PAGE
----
Nine Dead (2010)

*. The one thing you have to say about these Game of Death films is that they really need a tight script. Basically you just have a group of characters trapped together in a confined space (a single set) for the whole movie, talking. So the talk, perhaps interrupted by the odd burst of violence, has to be good.
*. I’m happy to say that the script for Nine Dead, by Patrick Wehe Mahoney, is pretty good. I don’t think there’s much else to like about the movie, but the story set its hook and kept me interested right up to the end. That’s more than I can say for most of the Saw franchise.
*. The set-up has it that nine people are kidnapped (tasered this time), and chained up in a warehouse somewhere. A masked man informs them that he’ll be killing one of them every ten minutes until they can tell him why all this is happening. So basically they have to work together and find out what they have in common. A clock on the wall counts down the time.
*. That’s a fine idea, and pretty bold too because such a story is nothing but build-up. Will all the loose ends manage to be tied together at the end? Once everything is explained, will it all make sense?
*. Well, it’s not perfect, but in my opinion it did as well in this regard as could be expected. I didn’t think the end was a cheat, and it did at least make sense.
*. Of course I had some objections. These mainly concerned the very real hierarchy of guilt that was basically ignored by the killer. Some of the victims were clearly more culpable than others, like Coogan (the pedophile rapist) and Kelley (the D.A.). Others, like Leon and Sully, seemed to have only the faintest, most tangential relationship to the events in the back story. They had every right to feel pissed off at being lumped in with the others. I like how, when the killer secretly tells Christian why he is being killed, Christian is baffled at how he could possibly have known. Coogan, on the other hand, accepts his fate with a shrug. For him it seems fair enough.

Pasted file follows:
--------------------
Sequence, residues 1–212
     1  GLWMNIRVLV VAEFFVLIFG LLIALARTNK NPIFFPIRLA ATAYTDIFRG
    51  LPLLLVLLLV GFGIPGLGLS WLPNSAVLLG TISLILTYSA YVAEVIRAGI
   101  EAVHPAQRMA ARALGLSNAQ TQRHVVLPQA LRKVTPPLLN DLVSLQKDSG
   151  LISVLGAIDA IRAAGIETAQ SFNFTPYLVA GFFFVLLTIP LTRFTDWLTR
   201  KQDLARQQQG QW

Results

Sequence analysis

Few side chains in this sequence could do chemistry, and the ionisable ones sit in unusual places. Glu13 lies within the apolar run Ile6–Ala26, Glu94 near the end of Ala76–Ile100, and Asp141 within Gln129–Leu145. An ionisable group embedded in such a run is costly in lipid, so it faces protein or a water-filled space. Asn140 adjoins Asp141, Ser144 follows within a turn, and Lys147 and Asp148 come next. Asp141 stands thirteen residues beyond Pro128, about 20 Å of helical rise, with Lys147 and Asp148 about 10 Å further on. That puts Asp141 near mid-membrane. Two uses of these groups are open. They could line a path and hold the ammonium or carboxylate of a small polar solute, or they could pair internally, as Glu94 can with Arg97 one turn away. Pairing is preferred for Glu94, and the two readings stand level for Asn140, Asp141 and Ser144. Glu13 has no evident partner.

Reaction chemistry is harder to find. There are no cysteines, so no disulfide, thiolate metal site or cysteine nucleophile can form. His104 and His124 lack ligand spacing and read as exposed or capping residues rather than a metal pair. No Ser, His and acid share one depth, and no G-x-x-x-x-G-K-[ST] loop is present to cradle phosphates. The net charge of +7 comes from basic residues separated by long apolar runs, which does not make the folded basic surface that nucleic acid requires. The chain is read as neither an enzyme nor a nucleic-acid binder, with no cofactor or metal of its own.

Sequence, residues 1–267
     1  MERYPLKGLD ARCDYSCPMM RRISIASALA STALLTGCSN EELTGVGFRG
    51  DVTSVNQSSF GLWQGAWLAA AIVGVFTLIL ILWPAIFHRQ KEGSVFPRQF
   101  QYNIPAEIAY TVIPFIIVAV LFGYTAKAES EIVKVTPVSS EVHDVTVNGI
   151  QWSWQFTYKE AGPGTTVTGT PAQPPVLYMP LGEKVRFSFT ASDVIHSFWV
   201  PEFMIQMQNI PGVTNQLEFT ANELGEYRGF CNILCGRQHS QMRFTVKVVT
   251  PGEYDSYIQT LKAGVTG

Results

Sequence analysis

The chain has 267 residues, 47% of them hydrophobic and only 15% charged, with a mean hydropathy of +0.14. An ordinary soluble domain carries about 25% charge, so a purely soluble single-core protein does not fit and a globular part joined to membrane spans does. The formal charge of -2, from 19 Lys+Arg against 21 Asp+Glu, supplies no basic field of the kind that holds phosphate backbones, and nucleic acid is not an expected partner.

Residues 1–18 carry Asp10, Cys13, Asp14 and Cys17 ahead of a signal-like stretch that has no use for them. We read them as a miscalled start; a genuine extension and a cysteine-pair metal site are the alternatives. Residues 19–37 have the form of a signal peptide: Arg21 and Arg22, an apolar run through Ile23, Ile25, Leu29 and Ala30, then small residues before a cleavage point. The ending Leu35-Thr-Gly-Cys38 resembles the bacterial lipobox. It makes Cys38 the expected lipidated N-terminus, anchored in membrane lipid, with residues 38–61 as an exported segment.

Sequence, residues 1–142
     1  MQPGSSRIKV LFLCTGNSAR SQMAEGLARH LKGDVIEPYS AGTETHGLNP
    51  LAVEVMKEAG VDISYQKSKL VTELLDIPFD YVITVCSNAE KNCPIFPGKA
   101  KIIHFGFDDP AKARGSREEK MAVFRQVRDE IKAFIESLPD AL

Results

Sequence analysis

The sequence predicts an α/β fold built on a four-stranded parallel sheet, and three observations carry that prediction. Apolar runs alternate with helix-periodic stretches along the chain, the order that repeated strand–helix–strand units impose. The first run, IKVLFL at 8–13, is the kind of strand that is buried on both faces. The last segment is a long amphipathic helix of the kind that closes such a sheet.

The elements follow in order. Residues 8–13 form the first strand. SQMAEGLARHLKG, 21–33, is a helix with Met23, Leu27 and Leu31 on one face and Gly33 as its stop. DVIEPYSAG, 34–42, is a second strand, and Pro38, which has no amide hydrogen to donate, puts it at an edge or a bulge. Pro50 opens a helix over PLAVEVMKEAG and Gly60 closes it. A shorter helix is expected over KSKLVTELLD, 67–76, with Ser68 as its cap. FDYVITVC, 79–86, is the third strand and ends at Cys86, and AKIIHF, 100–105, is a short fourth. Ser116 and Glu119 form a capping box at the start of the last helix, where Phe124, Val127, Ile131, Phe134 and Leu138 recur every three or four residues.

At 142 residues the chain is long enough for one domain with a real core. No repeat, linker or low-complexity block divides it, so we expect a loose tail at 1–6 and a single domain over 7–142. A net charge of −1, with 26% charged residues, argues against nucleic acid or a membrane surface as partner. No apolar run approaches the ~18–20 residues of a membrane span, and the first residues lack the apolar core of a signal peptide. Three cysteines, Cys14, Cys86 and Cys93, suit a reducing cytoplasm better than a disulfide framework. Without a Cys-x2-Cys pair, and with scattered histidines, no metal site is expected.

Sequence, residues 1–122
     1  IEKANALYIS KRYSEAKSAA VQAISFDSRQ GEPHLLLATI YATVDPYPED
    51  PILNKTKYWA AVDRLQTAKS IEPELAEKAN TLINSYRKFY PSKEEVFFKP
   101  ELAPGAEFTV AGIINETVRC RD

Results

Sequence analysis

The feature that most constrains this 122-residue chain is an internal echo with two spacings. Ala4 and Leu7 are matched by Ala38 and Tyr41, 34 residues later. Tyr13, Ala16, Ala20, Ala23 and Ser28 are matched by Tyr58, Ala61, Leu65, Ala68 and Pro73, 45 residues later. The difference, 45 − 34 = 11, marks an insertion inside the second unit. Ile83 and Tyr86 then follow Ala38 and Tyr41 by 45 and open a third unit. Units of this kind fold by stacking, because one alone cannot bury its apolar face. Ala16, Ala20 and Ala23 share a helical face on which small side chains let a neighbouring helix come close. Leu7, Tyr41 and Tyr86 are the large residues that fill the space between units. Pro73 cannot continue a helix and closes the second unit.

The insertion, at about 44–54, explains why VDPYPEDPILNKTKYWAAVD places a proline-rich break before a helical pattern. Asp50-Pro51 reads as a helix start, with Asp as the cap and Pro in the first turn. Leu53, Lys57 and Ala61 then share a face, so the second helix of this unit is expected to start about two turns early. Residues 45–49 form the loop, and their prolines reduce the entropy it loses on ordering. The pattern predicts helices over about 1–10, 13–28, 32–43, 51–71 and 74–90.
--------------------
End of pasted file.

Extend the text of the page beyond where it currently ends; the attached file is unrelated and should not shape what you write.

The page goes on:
*. I was surprised that the directors of another Game of Death film, Circle (2015), said that they had been inspired by 12 Angry Men. I didn’t see the connection there, but it’s far more obvious in a movie like this, where the sequestered group have to reconstruct a crime and deliver a verdict, only in this case on themselves.
*. So that’s all to the good. This is a decent psychological thriller with a script that puts less emphasis on violence and more on problem solving. As I’ve said, however, there isn’t much else to get excited about. I didn’t think it was presented in a very interesting way, and the acting was only passable at best. Critics were predictably unkind, but I think some of this was just laziness. If you like this kind of movie I’d recommend giving it a try.

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